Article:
When is an SUV not just an SUV? When it’s a sportscar SUV, according to Porsche's description of its new Macan. Some media information from the company qualifies this rather confusing definition by apparently creating a sub-species: “The first sportscar in the compact SUV segment,” and, trying again, “The Macan is the sportscar of the compact SUV segment.” Even the diesel version is described as “the long distance sportscar.”
Porsche’s technology and engineering strengths have been built on exotic, premium sportscars, notably the 911, and cascading elements of that into the Cayenne SUV, in production since 2002, proved no bad thing, although it is no sportscar.
So, controversial though the SUV sportscar claim for the Macan may be for purists, Porsche CEO Matthias Müller is confident about it: “We have been accused of being controversial in the past when we launched the Cayenne, but when people got in the car they soon realized that it drove like a true Porsche. Macan will make the marque accessible to many people who did not think they would one day own a Porsche.”
Whatever it is, the Macan, production of which has just started after its appearance at U.S. and Japanese motor shows, is expected to take Porsche vehicle sales above 200,000 units next year. Built at the company’s Leipzig, Germany, facility, the initial manufacturing target is to see production ramp up to 50,000 units per annum. Müller made it clear that demand is expected to put pressure on this figure, and that Porsche has contingency plans to up it considerably. Last year, about half of Porsche's sales total of 162,100 units were Cayennes.
The Macan (the nomenclature is also somewhat confusing; in Malay/Indonesian it means “tiger,” but in Scotland it can mean “little boy,” and in Old English “to create”), like so many vehicles in the close-knit family that is the extensive Volkswagen Group, shares some fundamental architecture and technology with the Audi Q5 but sufficiently modified/re-designed/tuned to ensure that the result is a “real” Porsche. The Audi link helped trim development time to three years.
The original Porsche Cayenne and Volkswagen Touareg SUVs were also closely related, the former developed to give it a clear, separate identity that was to take it to impressive sales success.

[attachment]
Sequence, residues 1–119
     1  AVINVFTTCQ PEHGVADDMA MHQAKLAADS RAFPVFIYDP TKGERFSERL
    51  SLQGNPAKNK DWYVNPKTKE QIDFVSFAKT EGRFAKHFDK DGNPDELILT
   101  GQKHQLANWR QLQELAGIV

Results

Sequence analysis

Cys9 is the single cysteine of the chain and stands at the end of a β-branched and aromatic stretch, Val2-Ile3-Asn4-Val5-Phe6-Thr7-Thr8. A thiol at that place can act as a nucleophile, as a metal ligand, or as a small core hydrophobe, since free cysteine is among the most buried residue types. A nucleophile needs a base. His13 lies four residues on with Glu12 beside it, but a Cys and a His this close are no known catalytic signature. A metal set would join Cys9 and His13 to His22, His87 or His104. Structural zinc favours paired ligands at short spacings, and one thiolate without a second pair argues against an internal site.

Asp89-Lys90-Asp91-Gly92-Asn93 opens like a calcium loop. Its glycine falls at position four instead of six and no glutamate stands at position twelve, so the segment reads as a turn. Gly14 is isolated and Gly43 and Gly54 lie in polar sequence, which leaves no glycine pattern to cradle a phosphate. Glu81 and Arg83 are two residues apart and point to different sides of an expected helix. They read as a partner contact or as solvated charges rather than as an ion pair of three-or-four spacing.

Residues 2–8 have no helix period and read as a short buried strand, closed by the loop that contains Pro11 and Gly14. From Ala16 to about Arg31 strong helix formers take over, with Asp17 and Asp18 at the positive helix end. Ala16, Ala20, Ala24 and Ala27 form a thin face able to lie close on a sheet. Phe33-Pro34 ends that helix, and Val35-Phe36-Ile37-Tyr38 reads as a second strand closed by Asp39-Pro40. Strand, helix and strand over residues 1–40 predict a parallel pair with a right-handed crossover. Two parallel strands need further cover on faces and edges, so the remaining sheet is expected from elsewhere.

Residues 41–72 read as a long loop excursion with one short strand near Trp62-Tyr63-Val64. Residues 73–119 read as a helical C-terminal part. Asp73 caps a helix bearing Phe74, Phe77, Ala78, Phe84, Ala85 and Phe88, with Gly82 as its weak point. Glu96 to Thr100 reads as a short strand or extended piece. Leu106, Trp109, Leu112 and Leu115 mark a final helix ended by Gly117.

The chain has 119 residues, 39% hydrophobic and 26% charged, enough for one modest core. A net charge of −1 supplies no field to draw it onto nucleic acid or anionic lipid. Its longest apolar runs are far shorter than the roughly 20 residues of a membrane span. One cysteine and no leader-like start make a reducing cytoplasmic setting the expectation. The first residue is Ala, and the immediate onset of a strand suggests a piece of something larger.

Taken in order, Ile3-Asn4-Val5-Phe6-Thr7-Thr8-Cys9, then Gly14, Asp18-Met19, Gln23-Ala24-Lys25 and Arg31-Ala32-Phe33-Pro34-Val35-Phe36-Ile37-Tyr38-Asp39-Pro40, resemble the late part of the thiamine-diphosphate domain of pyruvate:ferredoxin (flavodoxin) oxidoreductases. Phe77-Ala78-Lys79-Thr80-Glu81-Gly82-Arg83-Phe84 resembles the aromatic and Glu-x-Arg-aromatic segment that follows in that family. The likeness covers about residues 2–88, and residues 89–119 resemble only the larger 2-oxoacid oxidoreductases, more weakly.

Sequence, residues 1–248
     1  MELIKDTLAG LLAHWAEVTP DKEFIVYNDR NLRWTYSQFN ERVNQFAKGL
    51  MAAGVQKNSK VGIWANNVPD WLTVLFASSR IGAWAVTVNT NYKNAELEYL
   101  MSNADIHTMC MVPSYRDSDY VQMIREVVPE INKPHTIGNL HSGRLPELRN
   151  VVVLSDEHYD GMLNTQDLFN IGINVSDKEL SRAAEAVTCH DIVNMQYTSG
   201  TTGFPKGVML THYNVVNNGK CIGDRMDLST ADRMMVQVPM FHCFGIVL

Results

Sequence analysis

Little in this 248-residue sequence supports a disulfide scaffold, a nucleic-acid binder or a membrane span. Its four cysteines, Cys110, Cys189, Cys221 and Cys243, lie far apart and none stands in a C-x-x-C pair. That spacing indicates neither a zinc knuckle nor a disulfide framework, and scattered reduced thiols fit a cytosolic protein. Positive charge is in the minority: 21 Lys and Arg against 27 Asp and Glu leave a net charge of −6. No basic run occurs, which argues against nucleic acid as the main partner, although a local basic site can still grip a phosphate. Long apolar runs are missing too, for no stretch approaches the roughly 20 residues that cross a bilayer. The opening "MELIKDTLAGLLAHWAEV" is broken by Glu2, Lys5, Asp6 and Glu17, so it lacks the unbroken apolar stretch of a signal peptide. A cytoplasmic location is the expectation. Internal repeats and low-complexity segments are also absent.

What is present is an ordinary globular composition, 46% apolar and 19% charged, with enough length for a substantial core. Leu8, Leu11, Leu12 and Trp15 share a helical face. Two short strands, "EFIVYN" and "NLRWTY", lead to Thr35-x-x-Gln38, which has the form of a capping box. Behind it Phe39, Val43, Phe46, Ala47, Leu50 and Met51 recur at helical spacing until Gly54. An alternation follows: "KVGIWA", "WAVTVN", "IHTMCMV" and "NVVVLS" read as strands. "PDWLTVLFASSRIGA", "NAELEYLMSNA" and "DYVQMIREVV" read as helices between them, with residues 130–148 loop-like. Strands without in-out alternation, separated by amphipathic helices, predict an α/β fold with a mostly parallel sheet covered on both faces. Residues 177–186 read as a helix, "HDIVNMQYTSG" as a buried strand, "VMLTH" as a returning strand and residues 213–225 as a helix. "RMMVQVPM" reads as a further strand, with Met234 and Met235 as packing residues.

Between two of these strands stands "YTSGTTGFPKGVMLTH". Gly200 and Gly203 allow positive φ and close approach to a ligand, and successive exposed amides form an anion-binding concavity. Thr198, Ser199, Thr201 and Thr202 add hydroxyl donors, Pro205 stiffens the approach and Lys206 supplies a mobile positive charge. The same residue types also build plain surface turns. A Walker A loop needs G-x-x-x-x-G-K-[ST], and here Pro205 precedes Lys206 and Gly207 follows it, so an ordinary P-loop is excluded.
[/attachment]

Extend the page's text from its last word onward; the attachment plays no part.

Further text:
The essential message of the Macan’s design is that from its powertrains (two gasoline turbos and a diesel, with some downsized units to come) to its Porsche-honed chassis, and its opulent interior, it fits the company’s dynamic, aesthetic, quality, and technology template.
As with every Porsche, it is engines that are the Macan’s central asset. The star is the 294-kW (394-hp) 3.6-L V6 developed from the company’s 3.0-L biturbo specifically for the Macan Turbo. The volume hike is thanks to a stroke increase from 69 to 83 mm (2.72 to 3.27 in). It uses two turbochargers having maximum boost pressure of 1.2 bar (17 psi) to give the car a best 0-100 km/h (0-62 mph) time of 4.6 s.
The Macan S (also biturbo) has the free-revving 3.0-L V6. Its turbochargers have a maximum boost pressure of 1.0 bar (15 psi). Maximum output of 250 kW (335 hp) is achieved between 5500 and 6500 rpm and 0-100 km/h time is 5.2 s in Sport Chrono configuration. Sport Chrono’s features include a gearshift strategy with racetrack mode, having ultra-short response times and “launch control.”
Porsche’s VarioCam Plus continuous variable inlet and outlet camshaft control is used on both engines. Its shared direct fuel injection (DFI) operates at 200 bar (2900 psi), though jet and taper angles have been optimized, stated Porsche. DFI makes for improved cooling inside the combustion chamber and facilitates a high compression ratio of 9.8:1 for the Macan S, 10.5:1 for the Turbo.